This Heartbreaking TikTok ‘Mascara’ Trend Isn’t About Makeup
Disturbing new social media trend sheds light on victims of sexual assault.
Content Warning: This article contains descriptions of sexual violence and can be triggering for some. If you have experienced sexual violence and are in need of crisis support, please call the RAINN Sexual Assault Hotline at 1-800-656-HOPE (4673).
When you search #mascaratrend on TikTok, you might be surprised by what you find. It’s not at all about eye makeup, in this case.
What started as a codeword for people to talk about dating, past partners and sexual encounters (TikTok often filters any videos containing actual sexual lingo), has since morphed into an organic forum for victims of sexual assault. So-called ‘algospeak,’ or language that essentially doesn’t flag TikTok’s sensitive algorithm, has become all-too common; and this trend of using the word ‘mascara’ as a term for sex, is just the latest.
According to the Centers for Disease Control, more than half of all women and almost 1 in 3 men have experienced sexual violence involving physical contact during their lifetimes. Survivors sharing those stories on TikTok has become so popular that the hashtag now has more than 100 million views.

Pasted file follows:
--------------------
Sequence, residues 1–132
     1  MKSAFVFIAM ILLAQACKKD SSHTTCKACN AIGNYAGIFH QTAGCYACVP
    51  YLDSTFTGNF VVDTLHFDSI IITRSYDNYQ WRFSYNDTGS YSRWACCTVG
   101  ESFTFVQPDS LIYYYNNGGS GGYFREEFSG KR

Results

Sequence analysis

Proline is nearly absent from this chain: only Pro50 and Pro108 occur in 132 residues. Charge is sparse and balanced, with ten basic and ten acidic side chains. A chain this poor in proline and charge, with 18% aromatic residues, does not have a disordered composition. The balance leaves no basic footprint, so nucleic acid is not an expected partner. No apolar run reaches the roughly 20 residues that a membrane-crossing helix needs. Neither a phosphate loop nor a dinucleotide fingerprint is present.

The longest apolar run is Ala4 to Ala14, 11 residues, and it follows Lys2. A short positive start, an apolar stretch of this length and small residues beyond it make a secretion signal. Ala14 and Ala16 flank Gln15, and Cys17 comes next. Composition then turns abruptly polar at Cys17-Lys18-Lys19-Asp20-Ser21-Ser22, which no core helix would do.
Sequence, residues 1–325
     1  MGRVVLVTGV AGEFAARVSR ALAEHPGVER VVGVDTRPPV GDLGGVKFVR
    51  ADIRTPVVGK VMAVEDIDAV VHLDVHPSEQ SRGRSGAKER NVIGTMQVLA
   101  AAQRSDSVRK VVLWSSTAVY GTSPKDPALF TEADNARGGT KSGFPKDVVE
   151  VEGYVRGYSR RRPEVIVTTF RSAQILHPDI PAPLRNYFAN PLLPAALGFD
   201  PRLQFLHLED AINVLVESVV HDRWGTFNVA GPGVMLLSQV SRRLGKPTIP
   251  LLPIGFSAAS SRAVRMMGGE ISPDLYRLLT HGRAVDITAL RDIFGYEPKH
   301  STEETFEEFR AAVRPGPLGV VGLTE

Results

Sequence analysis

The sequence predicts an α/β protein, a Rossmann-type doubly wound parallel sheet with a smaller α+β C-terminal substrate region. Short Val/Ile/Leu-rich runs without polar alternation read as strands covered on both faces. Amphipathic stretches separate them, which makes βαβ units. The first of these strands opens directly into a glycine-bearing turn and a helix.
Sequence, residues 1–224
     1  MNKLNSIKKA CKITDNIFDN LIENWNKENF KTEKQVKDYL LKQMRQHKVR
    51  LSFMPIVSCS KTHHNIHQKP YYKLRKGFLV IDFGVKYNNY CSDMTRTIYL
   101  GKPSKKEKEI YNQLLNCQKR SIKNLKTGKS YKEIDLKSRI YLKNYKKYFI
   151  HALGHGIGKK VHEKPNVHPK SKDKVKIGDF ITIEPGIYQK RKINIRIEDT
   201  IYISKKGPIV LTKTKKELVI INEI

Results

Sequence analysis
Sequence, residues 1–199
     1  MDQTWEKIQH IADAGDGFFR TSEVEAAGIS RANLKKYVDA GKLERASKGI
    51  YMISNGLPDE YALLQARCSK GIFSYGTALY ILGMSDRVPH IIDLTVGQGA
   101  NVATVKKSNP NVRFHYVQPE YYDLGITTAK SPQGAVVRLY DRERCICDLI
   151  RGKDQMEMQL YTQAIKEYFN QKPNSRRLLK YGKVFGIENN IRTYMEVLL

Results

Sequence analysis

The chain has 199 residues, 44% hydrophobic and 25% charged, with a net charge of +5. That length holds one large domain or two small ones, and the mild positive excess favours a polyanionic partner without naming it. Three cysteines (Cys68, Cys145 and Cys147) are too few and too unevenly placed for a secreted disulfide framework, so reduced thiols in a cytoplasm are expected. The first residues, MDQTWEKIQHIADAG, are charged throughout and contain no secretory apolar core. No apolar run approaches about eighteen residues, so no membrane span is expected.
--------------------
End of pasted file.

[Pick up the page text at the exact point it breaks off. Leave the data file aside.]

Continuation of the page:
Actress Julia Fox even found herself embroiled in the trend, when she reportedly commented on a viral video posted by @big_whip13 sharing his experience as a victim of sexual assault.
“I gave a girl mascara and it must have been so good that she decided that her and her friend should both try it without my consent,” stated the video’s text, accompanied by hashtags on sexual assault awareness, and those encouraging other male victims to speak up.
Fox reportedly said, “Idk why but I don’t feel bad for u LOL,” before she realized what his video was in reference to — claiming she thought he was actually talking about mascara.
Celebrities aside, the trend has sparked many people to share their once-private stories with the world. User @Jahan.jaan explains, “as a child marriage survivor, I promise you it gets better. I was forced to marry the man who introduced me to ‘makeup.’ Now I’m learning how to heal and taking back control.”
“This platform, like many other social media platforms, have provided a way for people to express themselves in a manner that feels safe and in which they can feel validated and supported,” explains Jennifer Covarrubias, LMFT, clinical director at Healthy Life Recovery in San Diego, Calif. “The fact that the mascara trend has gained so much popularity speaks to how big of an issue we have at hand.”
Another recent, heart-wrenching video shows a woman who states that her “dad gave her mascara from ages 3-12,” her mom “knew about it,” and how that’s impacted her as an adult. A video that’s short on words, but speaks volumes.
While some of the videos are more straight-forward, others are downright metaphorical.
TikToker’s are sharing everything from “he stuck his mascara in another tube, and a mini mascara was made in the process. I’ll never get another mascara,” to “I thought I had a reliable mascara, but I must have misplaced it, and it ended up in a cute barista’s makeup bag 🥺.”
From serious stories of surviving assault, to more cheeky anecdotes of relationships past, the movement is prompting people to speak out, and raise awareness on an important topic.